As many are aware, the series we all know and love had its groundwork laid here, but is much different than most people remember it. Of course, the biggest of these things is that we do not have good ol’ Jason Voorhees as the killer, but rather his beloved mother Mrs. Voorhees, played with sadistic glee by Betsy Palmer. And the film is nowhere near as gory as most people remember it as well, although it certainly does have more blood and guts than Halloween or The Texas Chain Saw Massacre, which were both rather bloodless for the most part. Of course, that is not meant to discount the terrific effects done by the legendary Tom Savini, including the infamous arrow through the throat of future superstar Kevin Bacon and of course Mrs. Voorhees’ beheading at the end of the film. While many of these effects do feel dated (watching the film on blu-ray it is incredible how noticeable the prosthetic is for Bacon‘s death scene especially) they still retain a charm that can’t be matched by all the CGI in the world.
As with many films from the late 1970s and early 1980s, the film has not aged as well as most would hope. It’s incredibly strange to see how poorly the film has aged especially when compared with its sequels which are for the most part from the same era. I am not really sure where the blame for this can be placed, but it’s strange to see how well 1984’s Friday The 13th: The Final Chapter has aged in comparison, and its only four years apart.
The film has set the basic template for what all of the other Friday The 13th films would follow, but again many of them would improve upon it. Whether that be adding more bodies to the body count, more suspense or scares, or just better acting (although the series never really got “good” per se) one still must respect the groundwork that is laid here.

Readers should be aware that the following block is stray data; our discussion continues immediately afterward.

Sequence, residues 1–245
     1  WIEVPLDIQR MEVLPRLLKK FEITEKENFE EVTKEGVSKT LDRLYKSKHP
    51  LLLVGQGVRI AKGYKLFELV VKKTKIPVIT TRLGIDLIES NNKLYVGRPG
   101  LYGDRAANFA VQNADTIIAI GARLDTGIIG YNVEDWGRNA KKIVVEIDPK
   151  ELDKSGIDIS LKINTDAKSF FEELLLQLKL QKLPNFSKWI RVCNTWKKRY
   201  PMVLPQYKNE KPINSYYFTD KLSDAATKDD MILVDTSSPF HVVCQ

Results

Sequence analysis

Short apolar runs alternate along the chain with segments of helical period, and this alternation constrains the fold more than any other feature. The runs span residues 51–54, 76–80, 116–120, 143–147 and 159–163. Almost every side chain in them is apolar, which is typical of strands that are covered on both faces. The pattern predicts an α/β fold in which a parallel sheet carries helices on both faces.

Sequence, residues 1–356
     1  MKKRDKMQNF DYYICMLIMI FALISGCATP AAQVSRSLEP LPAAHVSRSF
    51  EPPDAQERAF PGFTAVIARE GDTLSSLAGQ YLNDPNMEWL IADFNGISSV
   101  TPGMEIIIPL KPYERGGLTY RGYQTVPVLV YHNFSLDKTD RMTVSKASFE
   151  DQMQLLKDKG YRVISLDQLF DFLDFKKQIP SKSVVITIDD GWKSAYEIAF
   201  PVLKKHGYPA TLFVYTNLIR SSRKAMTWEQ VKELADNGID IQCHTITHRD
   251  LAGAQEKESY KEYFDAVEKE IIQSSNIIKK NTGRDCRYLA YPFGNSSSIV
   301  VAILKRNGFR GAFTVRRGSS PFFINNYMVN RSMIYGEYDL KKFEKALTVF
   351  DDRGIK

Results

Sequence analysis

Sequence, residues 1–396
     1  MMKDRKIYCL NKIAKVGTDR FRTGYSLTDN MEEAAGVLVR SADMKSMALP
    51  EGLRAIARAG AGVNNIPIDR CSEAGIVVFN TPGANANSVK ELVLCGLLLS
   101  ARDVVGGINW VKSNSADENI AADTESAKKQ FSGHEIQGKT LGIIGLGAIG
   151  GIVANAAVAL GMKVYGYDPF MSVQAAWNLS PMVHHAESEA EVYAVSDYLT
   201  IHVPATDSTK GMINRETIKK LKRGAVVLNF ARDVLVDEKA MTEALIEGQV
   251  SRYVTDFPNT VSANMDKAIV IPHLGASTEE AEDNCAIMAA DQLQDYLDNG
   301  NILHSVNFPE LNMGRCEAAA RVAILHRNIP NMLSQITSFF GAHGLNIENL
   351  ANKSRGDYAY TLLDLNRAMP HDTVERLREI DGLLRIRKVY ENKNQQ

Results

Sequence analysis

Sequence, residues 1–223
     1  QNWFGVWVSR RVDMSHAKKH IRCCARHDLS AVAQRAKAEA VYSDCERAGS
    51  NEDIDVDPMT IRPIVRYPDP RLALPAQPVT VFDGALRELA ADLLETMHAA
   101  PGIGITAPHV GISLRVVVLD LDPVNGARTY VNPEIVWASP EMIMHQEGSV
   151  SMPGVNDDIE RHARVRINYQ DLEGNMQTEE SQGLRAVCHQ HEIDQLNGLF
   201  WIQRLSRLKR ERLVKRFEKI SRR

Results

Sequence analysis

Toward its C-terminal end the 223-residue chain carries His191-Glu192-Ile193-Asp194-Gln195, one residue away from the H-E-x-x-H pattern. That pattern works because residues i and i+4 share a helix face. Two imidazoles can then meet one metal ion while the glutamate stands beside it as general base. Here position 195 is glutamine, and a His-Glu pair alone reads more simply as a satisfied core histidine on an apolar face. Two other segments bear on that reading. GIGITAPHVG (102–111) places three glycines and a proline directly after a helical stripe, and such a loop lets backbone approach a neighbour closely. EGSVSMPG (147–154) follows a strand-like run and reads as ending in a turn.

Another thing that differentiates the film from its sequels is the sense of mystery that comes from not knowing who the killer is. Most films of this nature would lay some sort of hints or even give up a “red herring” but Friday The 13th takes great pains to make the reveal something absolutely no one saw coming. While this would be slightly retained in the first sequel, and subtly revisited in Friday The 13th Part V: A New Beginning, it was unique to the original film giving it a slight feel of difference from all of the other films in the series.
Overall, the original Friday The 13th is more to be lauded for changing the landscape of the horror genre in the early 80s, really being the film to set the slasher sub-genre into the stratosphere. It is far from being the worst film in the Friday The 13th series, but is also nowhere near being the most enjoyable entry.
Stay tuned for the next entry as I will soon be tackling Friday The 13th Part 2, where “The Body Count Continues!”.
Body Count: 10
The arrow through Jack’s throat from underneath the bed.